Getting a parental grip on media
The New York Times story about the assault referred to several media connections to the beating. Joan Rutkowski, my friend and colleague at Media Think, the Northwest media literacy center, has highlighted the following references made in The Times article.
- Authorities say the young assailants intended to use the attack to become Internet celebrities.
- The case should raise awareness about the Internet’s power to desensitize young people to violence, said one expert.
- The victim’s mother commented: “For whatever reason, this MySpace, my-you, this YouTube has gone too far. It’s just too much.”
- Her husband went even further, declaring that Internet companies were to blame for what happened. “As far as I’m concerned,” he said, “MySpace is the Antichrist for children.”
There's no doubt that parents — of potential perpetrators and potential victims — have a problem. Of course, the perpetrators are also victims — often of parental neglect.
Simply put, parents can not allow impressionable, unsupervised children to spend hours in an “alternate Internet universe” with norms that often encourage abusive, bullying or violent behavior. In one form or another, the video experience gets played out in the real world. Manifestations range from being inured or insensitive to violence to behaving violently.
The Florida attack seemed like an episode from a video "Lord of the Flies" desert island.
In our work with Media Think, Joan and I have heard parents vent their frustration at their inability to retrieve their kids from cyberspace. In response, Joan and I are preparing a discussion course to be offered through the community education program of Portland Community College this fall. If possible, we would like parents from the same elementary or middle school school to enroll the course. As was discovered too late in Lakeland, entire school communities must address this issue head-on. (By the way, next week is TV-Turnoff Week, an excellent time to begin.)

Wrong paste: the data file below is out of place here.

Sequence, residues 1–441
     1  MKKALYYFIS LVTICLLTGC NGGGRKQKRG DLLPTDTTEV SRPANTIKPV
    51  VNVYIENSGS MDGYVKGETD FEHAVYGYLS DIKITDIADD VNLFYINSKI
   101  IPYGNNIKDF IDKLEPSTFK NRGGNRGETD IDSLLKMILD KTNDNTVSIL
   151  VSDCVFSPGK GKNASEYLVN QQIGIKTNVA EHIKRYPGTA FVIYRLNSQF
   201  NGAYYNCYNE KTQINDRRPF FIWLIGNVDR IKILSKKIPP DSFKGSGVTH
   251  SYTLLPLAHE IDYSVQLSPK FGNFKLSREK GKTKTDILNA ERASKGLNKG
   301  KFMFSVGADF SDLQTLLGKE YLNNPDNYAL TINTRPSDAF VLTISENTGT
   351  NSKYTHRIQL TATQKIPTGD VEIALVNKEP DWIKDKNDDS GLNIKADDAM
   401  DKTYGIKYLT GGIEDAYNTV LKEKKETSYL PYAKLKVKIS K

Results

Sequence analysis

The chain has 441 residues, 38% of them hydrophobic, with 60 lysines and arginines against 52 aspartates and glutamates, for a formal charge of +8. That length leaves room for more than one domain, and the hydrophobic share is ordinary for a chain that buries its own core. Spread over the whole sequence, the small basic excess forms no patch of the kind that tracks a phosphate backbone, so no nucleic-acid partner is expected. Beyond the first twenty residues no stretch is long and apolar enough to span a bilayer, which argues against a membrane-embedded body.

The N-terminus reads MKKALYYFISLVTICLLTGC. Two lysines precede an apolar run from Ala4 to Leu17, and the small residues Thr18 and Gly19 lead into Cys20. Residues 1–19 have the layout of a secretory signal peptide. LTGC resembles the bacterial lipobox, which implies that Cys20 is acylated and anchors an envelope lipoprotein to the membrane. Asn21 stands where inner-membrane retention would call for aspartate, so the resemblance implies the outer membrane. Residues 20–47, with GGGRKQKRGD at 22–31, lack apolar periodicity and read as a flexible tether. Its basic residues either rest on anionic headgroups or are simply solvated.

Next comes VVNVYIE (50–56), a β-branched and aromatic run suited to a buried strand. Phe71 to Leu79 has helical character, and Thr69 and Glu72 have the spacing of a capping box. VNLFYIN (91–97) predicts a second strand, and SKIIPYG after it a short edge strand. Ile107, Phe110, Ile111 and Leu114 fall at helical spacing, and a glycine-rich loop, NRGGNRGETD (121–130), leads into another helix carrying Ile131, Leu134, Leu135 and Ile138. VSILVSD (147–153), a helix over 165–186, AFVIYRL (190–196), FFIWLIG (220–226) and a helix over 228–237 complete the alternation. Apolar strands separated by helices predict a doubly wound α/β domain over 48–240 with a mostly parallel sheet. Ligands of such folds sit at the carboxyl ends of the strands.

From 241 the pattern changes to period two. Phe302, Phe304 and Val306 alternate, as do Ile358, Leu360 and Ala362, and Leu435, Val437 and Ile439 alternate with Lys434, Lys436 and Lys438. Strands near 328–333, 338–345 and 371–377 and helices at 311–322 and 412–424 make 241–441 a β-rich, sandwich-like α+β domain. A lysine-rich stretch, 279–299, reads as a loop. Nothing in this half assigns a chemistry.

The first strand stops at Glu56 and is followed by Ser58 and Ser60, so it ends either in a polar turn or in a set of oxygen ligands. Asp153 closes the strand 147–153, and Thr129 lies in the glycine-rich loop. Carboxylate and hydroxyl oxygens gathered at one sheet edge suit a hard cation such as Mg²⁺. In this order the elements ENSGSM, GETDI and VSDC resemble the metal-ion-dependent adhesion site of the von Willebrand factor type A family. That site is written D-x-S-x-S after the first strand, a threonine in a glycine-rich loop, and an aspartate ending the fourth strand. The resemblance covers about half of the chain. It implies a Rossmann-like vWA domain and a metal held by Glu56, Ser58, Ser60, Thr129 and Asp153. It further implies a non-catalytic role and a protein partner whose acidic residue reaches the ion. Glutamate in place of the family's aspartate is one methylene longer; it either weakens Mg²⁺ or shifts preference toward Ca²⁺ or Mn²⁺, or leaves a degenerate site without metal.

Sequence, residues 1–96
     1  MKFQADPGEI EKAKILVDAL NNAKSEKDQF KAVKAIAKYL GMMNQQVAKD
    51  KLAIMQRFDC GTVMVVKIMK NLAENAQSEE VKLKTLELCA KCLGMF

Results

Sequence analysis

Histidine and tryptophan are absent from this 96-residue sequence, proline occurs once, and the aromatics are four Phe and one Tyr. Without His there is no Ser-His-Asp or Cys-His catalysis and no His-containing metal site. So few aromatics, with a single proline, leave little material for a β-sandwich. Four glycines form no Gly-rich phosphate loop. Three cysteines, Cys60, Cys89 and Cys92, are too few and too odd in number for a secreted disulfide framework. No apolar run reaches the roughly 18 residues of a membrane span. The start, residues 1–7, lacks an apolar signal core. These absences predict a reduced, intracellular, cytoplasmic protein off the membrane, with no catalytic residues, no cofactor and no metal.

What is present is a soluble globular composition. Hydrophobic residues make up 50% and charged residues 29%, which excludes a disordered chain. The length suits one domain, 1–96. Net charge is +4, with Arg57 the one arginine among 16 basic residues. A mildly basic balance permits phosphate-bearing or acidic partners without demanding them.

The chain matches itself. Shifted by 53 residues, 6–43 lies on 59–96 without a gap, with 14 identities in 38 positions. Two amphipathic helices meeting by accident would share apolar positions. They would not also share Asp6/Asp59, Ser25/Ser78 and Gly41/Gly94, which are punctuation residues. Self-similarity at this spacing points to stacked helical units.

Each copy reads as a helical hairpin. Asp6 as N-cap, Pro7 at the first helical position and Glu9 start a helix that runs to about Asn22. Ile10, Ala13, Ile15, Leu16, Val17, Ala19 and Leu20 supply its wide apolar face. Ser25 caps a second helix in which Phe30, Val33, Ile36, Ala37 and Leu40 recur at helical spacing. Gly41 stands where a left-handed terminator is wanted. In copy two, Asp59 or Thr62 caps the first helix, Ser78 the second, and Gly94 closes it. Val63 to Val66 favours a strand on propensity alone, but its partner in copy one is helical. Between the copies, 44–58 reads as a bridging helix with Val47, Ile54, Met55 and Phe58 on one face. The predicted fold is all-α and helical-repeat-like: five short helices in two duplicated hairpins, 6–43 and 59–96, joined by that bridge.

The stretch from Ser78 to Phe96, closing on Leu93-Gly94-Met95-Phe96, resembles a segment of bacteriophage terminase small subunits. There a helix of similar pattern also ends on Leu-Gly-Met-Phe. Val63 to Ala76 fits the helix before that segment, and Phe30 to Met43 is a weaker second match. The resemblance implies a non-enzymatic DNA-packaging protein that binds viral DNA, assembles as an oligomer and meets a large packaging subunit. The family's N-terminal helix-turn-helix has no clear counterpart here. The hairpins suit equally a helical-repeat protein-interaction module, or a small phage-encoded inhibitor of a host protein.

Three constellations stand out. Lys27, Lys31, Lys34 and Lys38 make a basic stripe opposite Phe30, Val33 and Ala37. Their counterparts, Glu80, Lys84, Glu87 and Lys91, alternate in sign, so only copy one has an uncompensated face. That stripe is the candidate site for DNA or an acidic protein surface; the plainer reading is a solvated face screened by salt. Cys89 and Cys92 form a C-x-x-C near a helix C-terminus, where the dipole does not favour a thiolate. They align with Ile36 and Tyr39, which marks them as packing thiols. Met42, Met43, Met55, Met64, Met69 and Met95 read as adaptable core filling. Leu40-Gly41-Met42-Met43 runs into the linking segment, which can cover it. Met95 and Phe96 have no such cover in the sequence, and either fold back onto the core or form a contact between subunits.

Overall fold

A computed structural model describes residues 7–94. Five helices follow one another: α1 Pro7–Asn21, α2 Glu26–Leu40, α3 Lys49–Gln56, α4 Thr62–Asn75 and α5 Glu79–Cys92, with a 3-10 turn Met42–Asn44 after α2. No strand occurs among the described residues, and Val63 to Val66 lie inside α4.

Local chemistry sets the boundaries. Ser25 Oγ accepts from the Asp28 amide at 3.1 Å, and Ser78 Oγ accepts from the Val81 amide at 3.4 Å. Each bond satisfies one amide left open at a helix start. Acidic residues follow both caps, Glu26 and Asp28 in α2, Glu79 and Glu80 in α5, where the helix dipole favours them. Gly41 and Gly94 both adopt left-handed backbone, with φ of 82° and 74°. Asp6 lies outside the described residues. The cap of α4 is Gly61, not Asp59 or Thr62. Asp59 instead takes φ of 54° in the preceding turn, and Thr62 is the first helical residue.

Here is how the course will be listed in the catalog:
The Media-Mindful Family:
Creating Alternatives to a Screen-Filled Childhood
Concerned about how media harms your child’s health, self-image, social life and school performance? Learn how to address media issues in your family and peer group through this practical, group-centered discussion course.
And here are some of the topics we hope to cover over the eight weekly sessions:
- Media: The Competing Parent and the Importance of Story
- Framing the Conversation with your Child: Principles of Media Literacy
- Social and Cultural Effects of Uncritical Media consumption
- Health Consequences
- Identity, Social Needs and Values in Cyberspace
- Cultivating Media Mindfulness at Home and in the Peer Community
- What’s Next: Networking and Staying Ahead of Media Change
If you know of any parents who might be interested, let me know. You can write me at firstname.lastname@example.org.